Putting the die in diet

Some take weight loss to the extreme

Peyton Hainline, Sports Editor

Our culture screams diet, and with it being the beginning of a new year, it’s screaming louder than we can bear. Everywhere you turn, there is a new product or plan claiming quick fat-loss and promising to help you shave extra weight.

According to Boston Medical Center, “an estimated 45 million Americans go on a diet each year and Americans spend $33 billion each year on weight loss products.”

Appearance has become a focal point of our society and leads us to pursue thinness with the idea that shrinking our body size will be the key to health and happiness. With this idea so engraved in our minds, the diet industry has emerged into a $60 billion industry.

So what will it be next? Low-fat, keto, paleo, Whole30, gluten-free? 

Propose none. In fact, I advocate for stopping diets all together.

Weight loss can have its benefits such as lowering the risk for many diseases, but often times dieters go to unhealthy lengths in the name of their mental and physical well-being.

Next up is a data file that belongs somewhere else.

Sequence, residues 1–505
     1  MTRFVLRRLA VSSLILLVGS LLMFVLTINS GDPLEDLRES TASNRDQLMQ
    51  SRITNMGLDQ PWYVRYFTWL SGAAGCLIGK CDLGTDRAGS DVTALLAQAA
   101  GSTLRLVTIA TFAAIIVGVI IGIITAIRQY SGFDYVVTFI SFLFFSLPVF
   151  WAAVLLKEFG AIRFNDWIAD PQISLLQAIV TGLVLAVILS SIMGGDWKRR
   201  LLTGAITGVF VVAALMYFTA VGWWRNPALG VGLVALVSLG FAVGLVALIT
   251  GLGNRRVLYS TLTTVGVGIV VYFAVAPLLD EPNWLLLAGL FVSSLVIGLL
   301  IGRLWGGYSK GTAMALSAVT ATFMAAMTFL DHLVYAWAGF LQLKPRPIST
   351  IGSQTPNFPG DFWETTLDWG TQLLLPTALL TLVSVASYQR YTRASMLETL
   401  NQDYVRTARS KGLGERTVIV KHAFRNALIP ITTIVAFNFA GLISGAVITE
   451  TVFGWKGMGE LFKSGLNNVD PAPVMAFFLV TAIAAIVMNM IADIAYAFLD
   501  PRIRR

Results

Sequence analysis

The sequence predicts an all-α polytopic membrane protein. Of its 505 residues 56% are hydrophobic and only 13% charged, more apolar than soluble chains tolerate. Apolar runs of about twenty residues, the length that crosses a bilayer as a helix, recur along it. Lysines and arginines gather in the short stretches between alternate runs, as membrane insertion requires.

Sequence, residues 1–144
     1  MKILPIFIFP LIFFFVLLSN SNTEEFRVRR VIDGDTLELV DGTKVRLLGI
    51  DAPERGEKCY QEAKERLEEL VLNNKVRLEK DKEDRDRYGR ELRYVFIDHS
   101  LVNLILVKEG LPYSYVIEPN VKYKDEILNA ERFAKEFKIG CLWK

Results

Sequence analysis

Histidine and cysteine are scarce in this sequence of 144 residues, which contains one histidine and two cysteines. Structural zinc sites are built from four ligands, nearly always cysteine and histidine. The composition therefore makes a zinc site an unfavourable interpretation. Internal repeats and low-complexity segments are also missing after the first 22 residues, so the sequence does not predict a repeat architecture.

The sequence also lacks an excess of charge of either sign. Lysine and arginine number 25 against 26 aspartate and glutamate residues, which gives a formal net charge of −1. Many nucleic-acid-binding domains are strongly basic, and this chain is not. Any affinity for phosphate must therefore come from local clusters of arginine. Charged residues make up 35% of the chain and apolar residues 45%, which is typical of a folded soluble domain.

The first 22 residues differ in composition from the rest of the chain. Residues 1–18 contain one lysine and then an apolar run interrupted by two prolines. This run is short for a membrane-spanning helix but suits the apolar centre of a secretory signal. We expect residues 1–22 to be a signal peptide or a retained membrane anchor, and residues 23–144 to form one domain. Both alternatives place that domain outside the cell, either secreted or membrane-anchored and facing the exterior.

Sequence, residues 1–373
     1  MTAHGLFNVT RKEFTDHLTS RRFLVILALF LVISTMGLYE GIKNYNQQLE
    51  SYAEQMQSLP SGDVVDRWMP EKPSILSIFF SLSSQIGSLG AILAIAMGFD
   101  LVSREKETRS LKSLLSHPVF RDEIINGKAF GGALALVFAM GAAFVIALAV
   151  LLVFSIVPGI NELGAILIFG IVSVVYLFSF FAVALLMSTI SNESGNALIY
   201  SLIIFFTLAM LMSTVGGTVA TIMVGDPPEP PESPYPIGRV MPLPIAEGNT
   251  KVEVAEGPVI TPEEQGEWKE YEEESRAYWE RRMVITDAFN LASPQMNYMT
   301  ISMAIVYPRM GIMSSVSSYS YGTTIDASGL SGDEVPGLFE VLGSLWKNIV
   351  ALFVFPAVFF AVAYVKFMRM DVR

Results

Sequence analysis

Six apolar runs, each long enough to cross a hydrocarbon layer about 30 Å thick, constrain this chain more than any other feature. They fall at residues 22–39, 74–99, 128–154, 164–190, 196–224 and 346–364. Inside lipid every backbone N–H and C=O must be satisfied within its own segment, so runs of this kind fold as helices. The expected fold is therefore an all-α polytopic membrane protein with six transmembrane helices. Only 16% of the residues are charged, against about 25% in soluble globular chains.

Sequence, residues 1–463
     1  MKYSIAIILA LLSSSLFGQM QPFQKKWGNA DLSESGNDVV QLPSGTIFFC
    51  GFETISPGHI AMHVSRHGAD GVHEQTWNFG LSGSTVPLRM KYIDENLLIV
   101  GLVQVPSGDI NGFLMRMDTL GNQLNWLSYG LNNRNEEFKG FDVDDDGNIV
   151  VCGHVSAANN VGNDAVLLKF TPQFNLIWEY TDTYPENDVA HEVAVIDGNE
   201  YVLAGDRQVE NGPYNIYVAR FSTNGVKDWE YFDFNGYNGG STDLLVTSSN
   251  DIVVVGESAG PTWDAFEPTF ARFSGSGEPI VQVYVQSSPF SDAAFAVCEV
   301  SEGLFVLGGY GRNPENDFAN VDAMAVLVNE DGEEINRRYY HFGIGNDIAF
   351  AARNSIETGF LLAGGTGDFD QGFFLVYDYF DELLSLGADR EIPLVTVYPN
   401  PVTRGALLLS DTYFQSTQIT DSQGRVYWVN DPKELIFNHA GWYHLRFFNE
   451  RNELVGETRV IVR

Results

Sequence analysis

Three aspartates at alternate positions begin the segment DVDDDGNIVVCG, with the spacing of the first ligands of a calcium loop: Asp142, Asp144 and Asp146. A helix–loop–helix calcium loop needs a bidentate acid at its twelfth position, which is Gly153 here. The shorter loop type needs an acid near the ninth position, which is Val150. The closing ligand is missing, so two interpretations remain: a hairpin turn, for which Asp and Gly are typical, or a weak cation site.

In its basic form, the word diet simply describes the food a person or organism eats, but over the years it has grown to imply restriction, obligation, and guilt. With this negative, new connotation unfolding, dieting has achieved the power to consume one’s life, while diminishing their self-confidence and feeling of freedom.

Most people start a diet or get wrapped up in chronic dieting because they’re striving for an ideal body size or weight, but many fail to realize the empty pay-off that accompanies weight loss.

Award winning author Andrew Shanahan writes that, “for many people, when they reach their target weight there is initial joy, but it quickly pales with the realization that losing weight isn’t a golden ticket to a trouble-free life.”

In other words, a number on the scale is not a measure of your worthiness or a determining factor of your happiness. Thus the restrictive nature and rigid food rules of dieting can actually be doing more harm than good.

So rather than obsessing over perfection and idolizing a bathroom scale, I believe that our society needs to take a step away from dieting and instead simply prioritize health.

Health comes in many shapes and sizes, and this entire approach starts with acceptance and kindness towards yourself, even if that means settling for a higher number on the scale. Give yourself permission to be happy with the way you are instead of doting an unrealistic fantasy of perfection.

It’s time to devote our attention away from outcomes and external joy, and shift thoughts towards appreciation, living in the moment, and watching ourselves grow.